Long COVID has a significant impact on UK workforce, study finds

Researchers have warned the long-term effects of coronavirus will have a significant impact on the UK workforce for some time.

Of those who have been infected with Covid-19, 5.5 per cent of people will develop life-changing chronic illness, in particular heart and lung conditions. Others have also experienced long lasting symptoms, including shortness of breath, fatigue, fever, headaches, brain fog and other neurological problems.

A new collaborative study by the Universities of Portsmouth and Southampton, published in Applied Economics Letters, estimates that 80,000 people had left employment due to Long Covid by early March this year.

Donald Houston, Professor of Economic Geography at the University of Portsmouth and co-author of the paper, said: “Continued waves of coronavirus infections, which may go on for a number of years, will keep people off work while sick with Long Covid. Many will lose their jobs and some will remain out of the workforce for a long time or permanently.”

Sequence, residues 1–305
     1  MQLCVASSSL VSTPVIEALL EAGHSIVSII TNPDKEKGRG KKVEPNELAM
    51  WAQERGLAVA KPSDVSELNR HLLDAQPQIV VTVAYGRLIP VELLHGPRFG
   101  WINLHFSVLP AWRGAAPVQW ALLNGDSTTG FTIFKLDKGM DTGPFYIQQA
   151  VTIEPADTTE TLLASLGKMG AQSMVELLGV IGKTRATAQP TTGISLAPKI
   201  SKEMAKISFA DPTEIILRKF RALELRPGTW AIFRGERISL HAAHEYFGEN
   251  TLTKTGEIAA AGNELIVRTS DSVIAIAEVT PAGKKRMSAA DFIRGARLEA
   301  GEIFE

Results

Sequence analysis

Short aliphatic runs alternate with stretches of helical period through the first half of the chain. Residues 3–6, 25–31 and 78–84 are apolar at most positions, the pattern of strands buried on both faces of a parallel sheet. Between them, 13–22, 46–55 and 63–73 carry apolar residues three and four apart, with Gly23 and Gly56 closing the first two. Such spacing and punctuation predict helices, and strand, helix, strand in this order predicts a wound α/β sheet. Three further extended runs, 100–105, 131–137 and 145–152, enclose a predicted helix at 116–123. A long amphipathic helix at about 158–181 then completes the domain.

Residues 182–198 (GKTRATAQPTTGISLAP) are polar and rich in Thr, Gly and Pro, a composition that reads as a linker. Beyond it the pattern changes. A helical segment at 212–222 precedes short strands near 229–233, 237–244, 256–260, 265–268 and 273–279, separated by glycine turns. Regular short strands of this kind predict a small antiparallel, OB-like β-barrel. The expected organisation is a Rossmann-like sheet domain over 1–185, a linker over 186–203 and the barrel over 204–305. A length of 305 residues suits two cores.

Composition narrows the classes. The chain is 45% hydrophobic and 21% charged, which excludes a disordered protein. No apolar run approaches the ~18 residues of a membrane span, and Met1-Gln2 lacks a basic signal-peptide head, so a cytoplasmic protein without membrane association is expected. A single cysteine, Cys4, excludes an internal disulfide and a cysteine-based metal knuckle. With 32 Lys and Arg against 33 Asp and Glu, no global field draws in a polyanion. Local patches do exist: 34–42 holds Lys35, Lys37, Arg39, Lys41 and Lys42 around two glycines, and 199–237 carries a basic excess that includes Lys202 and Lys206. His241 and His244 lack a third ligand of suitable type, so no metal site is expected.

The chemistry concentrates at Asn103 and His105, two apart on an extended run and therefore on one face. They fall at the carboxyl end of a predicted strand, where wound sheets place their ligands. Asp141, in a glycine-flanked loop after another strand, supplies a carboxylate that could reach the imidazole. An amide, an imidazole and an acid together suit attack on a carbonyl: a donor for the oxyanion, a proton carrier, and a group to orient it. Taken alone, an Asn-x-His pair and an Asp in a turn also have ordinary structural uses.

At the peak of the Omicron wave in February, 2.9 million people of working-age (7 per cent of the total) had experienced persistent Covid-19 symptoms for more than 12 weeks. This figure is expected to rise following the current wave of infections, given that vaccination only gives modest protection against Long Covid.

“The effects of this is what we can feel now in the economy,” said Dr Darja Reuschke, Associate Professor of Economic Geography at the University of Southampton and co-author of the paper.

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